In his two most famous books, The Gifts of Athena and The Lever of Riches, Mokyr has provided exhausting evidence about the importance of “tinkerers” in Britain. That is, there were probably something on the order of tens of thousands of folks in industry, many not terribly well educated, who avidly followed new scientific breakthroughs, who were aware of the scientific method, who believed in the existence of regularities which could be taken advantage of by man, and who used systematic processes of experimentation to learn what works and what doesn’t (the development of English porter is a great case study). It is impossible to overstate how unusual this was. In Germany and France, science was devoted mainly to the state, or to thought for thought’s sake, rather than to industry. The idea of everyday, uneducated people using scientific methods somewhere like ar-Rashid’s Baghdad is inconceivable. Indeed, as Ian Hacking has shown, it wasn’t just that fundamental concepts like “probabilistic regularities” were difficult to understand: the whole concept of discovering something based on probabilistic output would not have made sense to all but the very most clever person before the Enlightenment.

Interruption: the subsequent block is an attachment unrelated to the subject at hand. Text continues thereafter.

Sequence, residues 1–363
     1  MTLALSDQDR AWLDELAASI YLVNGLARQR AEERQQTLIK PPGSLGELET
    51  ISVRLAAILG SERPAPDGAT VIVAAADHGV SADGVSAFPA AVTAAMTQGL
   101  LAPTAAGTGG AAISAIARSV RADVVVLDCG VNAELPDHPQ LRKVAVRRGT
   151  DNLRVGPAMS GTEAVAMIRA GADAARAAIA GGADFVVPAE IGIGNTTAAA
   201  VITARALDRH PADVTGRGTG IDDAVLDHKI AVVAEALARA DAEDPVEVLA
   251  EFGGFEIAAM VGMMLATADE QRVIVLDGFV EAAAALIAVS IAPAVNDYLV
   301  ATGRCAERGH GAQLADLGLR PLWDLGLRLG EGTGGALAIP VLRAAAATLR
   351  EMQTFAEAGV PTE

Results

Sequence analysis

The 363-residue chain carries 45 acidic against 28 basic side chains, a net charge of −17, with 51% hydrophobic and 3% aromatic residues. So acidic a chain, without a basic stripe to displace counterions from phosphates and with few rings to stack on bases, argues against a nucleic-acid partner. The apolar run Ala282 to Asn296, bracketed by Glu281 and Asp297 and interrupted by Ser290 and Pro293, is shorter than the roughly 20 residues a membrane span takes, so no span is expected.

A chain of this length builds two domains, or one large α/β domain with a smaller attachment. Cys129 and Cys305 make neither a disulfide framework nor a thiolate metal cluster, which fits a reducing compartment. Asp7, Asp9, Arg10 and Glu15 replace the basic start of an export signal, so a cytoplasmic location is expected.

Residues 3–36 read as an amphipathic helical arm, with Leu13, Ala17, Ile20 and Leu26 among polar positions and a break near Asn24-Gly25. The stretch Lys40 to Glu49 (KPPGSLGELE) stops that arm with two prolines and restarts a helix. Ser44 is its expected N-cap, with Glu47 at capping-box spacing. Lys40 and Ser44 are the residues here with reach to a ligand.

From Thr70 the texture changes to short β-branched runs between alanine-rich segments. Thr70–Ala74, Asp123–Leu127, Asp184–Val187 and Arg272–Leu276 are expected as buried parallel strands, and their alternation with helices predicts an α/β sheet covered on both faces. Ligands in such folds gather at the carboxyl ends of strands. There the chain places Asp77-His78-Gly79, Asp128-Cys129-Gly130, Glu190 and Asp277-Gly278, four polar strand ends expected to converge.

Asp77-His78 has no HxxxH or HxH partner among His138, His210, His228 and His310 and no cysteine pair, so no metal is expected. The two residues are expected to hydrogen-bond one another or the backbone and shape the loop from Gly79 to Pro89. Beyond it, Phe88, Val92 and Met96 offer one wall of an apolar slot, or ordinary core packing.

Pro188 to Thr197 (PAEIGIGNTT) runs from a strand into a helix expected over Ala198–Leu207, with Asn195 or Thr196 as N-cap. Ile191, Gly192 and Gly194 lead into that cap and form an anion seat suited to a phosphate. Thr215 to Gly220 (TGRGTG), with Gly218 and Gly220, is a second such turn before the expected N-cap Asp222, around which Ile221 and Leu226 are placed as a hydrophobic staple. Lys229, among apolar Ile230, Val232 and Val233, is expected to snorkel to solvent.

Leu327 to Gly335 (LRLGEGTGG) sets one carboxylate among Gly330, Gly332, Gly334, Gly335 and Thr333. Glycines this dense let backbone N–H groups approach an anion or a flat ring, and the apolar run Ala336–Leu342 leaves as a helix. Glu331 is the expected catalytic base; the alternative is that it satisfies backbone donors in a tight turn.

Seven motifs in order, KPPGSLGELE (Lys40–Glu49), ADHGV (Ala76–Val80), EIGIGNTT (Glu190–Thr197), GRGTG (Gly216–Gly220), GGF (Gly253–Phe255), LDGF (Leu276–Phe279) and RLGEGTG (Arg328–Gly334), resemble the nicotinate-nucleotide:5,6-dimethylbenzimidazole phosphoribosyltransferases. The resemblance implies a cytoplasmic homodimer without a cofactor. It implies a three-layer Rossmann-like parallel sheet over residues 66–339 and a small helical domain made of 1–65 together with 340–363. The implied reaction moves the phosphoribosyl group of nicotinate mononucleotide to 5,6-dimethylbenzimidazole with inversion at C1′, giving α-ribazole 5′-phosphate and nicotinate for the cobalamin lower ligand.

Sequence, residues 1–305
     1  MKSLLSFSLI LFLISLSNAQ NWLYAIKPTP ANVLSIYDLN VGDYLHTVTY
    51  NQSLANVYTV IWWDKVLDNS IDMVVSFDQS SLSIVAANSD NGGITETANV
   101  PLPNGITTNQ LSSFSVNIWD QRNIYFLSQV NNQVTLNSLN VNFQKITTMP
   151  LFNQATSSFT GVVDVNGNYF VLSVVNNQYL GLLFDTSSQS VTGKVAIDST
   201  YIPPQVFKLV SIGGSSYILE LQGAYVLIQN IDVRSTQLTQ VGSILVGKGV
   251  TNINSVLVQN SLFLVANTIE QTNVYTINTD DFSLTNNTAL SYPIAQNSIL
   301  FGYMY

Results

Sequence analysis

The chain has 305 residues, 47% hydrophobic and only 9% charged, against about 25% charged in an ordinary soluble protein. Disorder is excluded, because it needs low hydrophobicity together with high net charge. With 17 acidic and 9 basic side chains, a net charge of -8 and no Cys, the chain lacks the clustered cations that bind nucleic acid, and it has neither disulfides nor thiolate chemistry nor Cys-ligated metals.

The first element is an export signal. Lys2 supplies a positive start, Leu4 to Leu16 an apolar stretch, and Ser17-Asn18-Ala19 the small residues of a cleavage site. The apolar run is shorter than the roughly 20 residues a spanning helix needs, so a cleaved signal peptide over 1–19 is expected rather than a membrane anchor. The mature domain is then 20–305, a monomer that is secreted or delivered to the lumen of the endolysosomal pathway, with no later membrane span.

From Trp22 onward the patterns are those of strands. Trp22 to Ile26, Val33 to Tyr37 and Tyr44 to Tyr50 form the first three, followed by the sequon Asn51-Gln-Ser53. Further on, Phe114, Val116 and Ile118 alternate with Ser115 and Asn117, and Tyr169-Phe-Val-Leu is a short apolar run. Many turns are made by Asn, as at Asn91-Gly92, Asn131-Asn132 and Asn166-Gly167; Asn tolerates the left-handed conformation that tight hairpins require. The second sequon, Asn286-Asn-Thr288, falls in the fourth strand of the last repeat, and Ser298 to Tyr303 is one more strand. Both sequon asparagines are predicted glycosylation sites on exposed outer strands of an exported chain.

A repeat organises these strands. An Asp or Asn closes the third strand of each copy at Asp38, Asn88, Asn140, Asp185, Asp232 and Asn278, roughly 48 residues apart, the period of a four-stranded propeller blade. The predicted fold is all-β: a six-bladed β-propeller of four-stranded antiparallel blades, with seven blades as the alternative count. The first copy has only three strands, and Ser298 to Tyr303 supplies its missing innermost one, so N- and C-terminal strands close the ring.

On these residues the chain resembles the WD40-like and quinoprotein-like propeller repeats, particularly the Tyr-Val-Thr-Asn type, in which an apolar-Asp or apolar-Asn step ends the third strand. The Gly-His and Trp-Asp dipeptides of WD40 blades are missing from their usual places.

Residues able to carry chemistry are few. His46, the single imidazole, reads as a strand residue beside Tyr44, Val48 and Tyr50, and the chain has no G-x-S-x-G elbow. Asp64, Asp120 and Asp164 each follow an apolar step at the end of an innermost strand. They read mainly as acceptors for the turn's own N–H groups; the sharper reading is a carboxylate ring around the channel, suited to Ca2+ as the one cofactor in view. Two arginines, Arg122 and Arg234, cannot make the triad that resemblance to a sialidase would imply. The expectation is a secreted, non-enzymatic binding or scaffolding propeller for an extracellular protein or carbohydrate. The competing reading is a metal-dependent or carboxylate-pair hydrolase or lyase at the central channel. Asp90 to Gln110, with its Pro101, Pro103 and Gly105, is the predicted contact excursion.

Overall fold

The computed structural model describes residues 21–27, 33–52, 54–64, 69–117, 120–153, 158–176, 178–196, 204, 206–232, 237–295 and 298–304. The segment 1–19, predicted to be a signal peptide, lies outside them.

The existence of tinkerers with access to a scientific mentality was critical because it allowed big inventions or ideas to be refined until they proved useful. England did not just invent the Newcomen engine, put it to work in mines, and then give up. Rather, England developed that Newcomen engine, a boisterous monstrosity, until it could profitably be used to drive trains and ships. In Gifts of Athena, Mokyr writes that fortune may sometimes favor the unprepared mind with a great idea; however, it is the development of that idea which really matters, and to develop macroinventions you need a small but not tiny cohort of clever, mechanically gifted, curious citizens. Some have given credit to a political system, or to the patent system, for the widespread tinkering, but the qualitative historical evidence I am aware of appears to lean toward cultural explanations most strongly. One great piece of evidence is that contemporaries wrote often about the pattern where Frenchmen invented something of scientific importance, yet the idea diffused and was refined in Britain. Any explanation of British uniqueness must depend on Britain’s ability to refine inventions.